I had dived under ice platforms in the chilly, cold waters of the Arctic and Antarctic several times before diving in Greenland’s icy environments. I found the place really amazing, mesmerizing, dotted with deep blue colored icebergs in clear waters.
Every iceberg is unique, spreading an incredible feeling of peace and pureness, and even if made by water (in the end) they are alive. They creak, they move, they breathe... almost like living creatures. When you’re down there listening to the air escaping the ice and hear, even feel, the crackling from this frozen fortress, you feel small, very small! Some icebergs are as tall as a 15-storey building. These Arctic giants break away from glaciers in the north, then drift down to the south for weeks.
The structure of the icebergs underwater is completely different to the exposed part at the top. The changes in shape and texture along the ice are mesmerising. 90% of the ice mass of an iceberg is hidden below the surface and from the view of most people. It is an unforgettable experience to see an iceberg from beneath the waves, and you never know what kind of ice structures you will observe since every iceberg is sculpted by nature. A diver will never dive the same iceberg due to the fact that they are melting down and breaking apart continuously. I was excited to experience the great feeling of diving icebergs once again. They are not the easiest of dives, with many precautions and safety procedures to take into account, but when you’re down there it's worth the effort.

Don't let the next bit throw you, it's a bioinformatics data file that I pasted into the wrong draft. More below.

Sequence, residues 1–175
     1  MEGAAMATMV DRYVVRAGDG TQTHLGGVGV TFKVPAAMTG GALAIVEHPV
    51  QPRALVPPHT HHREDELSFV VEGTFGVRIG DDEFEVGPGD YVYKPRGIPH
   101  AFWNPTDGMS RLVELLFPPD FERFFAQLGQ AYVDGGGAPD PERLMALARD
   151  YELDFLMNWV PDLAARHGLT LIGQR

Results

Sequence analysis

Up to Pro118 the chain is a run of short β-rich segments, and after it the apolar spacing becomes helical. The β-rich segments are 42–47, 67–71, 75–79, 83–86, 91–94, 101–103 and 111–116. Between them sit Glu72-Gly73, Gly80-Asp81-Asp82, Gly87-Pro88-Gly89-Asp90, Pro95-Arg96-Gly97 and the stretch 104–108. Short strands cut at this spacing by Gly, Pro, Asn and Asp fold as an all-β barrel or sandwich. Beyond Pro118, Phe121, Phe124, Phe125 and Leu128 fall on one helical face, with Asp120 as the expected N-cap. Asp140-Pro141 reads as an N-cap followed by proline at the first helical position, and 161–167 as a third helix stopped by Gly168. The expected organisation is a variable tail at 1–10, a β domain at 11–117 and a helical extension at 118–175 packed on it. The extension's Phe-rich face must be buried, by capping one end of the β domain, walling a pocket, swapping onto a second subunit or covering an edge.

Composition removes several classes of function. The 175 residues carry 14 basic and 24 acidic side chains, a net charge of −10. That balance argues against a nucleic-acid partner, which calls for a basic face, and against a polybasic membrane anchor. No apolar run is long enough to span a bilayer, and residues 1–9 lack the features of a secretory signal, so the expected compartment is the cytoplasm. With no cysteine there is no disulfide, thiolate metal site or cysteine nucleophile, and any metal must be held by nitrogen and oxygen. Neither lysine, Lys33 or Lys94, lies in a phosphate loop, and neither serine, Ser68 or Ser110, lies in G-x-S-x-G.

As I enter the water, my face becomes instantly numb. My dive computer reads -1.5°C. As I swim closer and closer to the iceberg, it seems to grow taller and taller. Once I reach the base, I look up and I feel like I am next to a ten storey ice building. Every dive at an iceberg is memorable, and maybe you will feel that the first dive is worth the trip alone.
The diversity of small, colourful living beings might be a surprise. Soft corals, nudibranches, anemones, sponges, feather stars and many other species
can exist in the cold water and offer unbelievable photographic opportunities. Greenland has interesting marine life, such as kelp walls, sea-snails, crabs, sea butterflies, various Arctic fish, shrubby horse-tails, jelly-fish, sea-hedgehogs and starfish. There is a reason why, as cold water areas are biologically the most prolific areas in the world, only surpassed by coral reefs.
Reaching the diving spots is mesmerizing in itself, as we use snow scooters led by experienced Inuit hunters and fishermen to go across icebound fjords and pack ice. Once the residents used dog sledges, but nowadays dog teams are fewer. They are mainly used for tourists who enjoy fabulous excursions in the pure silence, and many villages are still home to more dogs than people. Inland there is an interesting area on the edge of town - the area of the dogs. This is where all the townsfolk kennel their sledding dogs.